In sum, three circumstances lead to the conclusion that Florida law is controlling in this case: Florida's strong policy of maintaining the safety of its highways, 2) the Mississippi Supreme Court's adherence to the principle that the law of the place of the accident controls liability issues unless some other state has a more significant relationship, and 3) the absence of any case wherein the Mississippi Supreme Court applied the law of Mississippi to an action arising from an automobile accident except where all the parties involved were Mississippi residents. We are thus persuaded that the Mississippi Supreme Court, had it been faced with the facts of this case, would have applied the law of Florida to Hanley's liability claims. Accordingly, we conclude that the district court erred in determining that Mississippi rather than Florida law controlled in this case. So concluding, we do not reach Hanley's arguments regarding the propriety of the district court's summary judgment on the issue of negligent entrustment under Mississippi law.
In remanding this case to the district court, we hold only that Florida law applies to the merits of Hanley's claim. We do not decide whether a Florida court applying Florida law would, on the facts of this case, necessarily hold Mr. Forester vicariously liable for the negligence of Tommy. We note that the Florida rule which is addressed in this opinion was judicially, not legislatively, established in Florida over seventy years ago. Southern Cotton Oil Co. v. Anderson, supra. The Florida Legislature has not yet recognized the public policy concern that underlies the judicially promulgated rule. Moreover, while the rule has not been abrogated by the Florida Supreme Court, there is some question just how far the Florida courts have gone or will go in holding a co-owner strictly liable for the negligence of the other co-owner. See e.g., Hertz Corporation v. Dixon, 193 So.2d 176, 177 (Fla.App. 1966) (declining to flatly hold that a co-owner is vicariously liable for the operation of an automobile by the other co-owner); see also Hammack v. Veillette, 233 So.2d 836 (noting that the doctrine of respondeat superior lies at the core of the owner's-liability rule) and Orefice v. Albert, 237 So.2d 142 (Fla. 1970) (discussing the rule and underscoring that the owner is held liable because the negligent driver is deemed to be operating the vehicle with the owner's actual or implied consent.) In any event, we conclude that the trial court is better suited, in the first instance, to determine whether Mr. Forester is liable under prevailing Florida law.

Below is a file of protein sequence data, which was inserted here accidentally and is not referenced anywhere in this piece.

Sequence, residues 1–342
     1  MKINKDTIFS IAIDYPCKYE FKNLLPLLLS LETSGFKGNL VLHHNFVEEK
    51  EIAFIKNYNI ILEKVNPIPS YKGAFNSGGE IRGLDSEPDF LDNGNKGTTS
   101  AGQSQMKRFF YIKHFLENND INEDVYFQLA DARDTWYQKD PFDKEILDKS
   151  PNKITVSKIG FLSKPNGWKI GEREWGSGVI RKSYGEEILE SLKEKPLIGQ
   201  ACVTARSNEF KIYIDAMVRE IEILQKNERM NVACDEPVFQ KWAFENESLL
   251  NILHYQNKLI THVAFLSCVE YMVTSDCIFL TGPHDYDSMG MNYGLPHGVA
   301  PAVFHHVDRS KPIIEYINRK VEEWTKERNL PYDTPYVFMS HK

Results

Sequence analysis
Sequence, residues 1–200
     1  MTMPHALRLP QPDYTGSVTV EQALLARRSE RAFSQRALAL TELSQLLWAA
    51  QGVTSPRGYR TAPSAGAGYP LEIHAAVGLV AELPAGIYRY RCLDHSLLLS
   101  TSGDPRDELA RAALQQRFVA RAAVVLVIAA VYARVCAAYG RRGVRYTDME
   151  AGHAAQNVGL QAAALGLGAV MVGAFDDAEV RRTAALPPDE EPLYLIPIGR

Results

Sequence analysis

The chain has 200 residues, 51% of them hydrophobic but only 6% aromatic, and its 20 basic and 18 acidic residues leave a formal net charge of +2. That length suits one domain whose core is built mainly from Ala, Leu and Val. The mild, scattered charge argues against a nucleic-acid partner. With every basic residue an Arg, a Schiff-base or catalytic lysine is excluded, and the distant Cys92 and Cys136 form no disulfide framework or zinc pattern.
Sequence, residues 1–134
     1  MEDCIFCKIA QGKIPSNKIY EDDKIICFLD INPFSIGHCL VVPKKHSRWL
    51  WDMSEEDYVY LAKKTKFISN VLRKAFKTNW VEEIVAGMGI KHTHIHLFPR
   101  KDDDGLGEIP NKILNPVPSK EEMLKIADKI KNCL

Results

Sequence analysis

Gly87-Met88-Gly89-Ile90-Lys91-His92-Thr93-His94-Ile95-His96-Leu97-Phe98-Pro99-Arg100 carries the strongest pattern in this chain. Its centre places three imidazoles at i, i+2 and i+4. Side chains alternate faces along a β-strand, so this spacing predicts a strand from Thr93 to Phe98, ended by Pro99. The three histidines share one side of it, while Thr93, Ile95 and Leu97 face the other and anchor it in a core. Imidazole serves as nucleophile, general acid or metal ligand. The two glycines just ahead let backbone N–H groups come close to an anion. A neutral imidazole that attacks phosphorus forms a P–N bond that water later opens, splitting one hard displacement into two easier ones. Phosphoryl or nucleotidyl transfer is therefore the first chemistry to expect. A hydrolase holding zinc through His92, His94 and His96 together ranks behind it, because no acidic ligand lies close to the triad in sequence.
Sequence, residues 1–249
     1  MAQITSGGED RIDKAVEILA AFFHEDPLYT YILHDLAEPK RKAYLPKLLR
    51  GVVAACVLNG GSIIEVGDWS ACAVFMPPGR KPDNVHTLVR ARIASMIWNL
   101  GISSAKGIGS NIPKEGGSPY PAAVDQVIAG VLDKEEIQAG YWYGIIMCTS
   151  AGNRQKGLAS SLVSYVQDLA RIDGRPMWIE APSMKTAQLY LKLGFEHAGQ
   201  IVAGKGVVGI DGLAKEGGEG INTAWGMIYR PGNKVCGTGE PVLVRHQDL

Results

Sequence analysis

For the foregoing reasons, we conclude that the Mississippi Supreme Court, had it been faced with the choice of law question presented by the instant case, would have applied the law of Florida rather than the law of Mississippi. Accordingly, we are constrained to conclude that the district court erred in applying Mississippi law. The judgment of the district court is reversed; this case is remanded for proceedings not inconsistent with this opinion.
REVERSED AND REMANDED.